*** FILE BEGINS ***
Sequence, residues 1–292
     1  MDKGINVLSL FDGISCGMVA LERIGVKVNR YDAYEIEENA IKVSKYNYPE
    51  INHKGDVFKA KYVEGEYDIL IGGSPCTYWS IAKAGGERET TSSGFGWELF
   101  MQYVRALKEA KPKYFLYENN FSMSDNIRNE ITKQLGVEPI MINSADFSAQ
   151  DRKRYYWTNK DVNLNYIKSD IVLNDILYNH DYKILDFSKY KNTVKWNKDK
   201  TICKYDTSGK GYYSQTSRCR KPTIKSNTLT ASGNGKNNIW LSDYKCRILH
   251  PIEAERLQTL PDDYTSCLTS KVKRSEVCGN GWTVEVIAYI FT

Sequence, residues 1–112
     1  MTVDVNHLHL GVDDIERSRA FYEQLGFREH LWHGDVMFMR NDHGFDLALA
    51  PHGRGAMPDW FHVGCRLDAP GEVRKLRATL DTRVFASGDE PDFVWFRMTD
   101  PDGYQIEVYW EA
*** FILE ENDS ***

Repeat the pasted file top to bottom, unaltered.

Sequence, residues 1–292
     1  MDKGINVLSL FDGISCGMVA LERIGVKVNR YDAYEIEENA IKVSKYNYPE
    51  INHKGDVFKA KYVEGEYDIL IGGSPCTYWS IAKAGGERET TSSGFGWELF
   101  MQYVRALKEA KPKYFLYENN FSMSDNIRNE ITKQLGVEPI MINSADFSAQ
   151  DRKRYYWTNK DVNLNYIKSD IVLNDILYNH DYKILDFSKY KNTVKWNKDK
   201  TICKYDTSGK GYYSQTSRCR KPTIKSNTLT ASGNGKNNIW LSDYKCRILH
   251  PIEAERLQTL PDDYTSCLTS KVKRSEVCGN GWTVEVIAYI FT

Sequence, residues 1–112
     1  MTVDVNHLHL GVDDIERSRA FYEQLGFREH LWHGDVMFMR NDHGFDLALA
    51  PHGRGAMPDW FHVGCRLDAP GEVRKLRATL DTRVFASGDE PDFVWFRMTD
   101  PDGYQIEVYW EA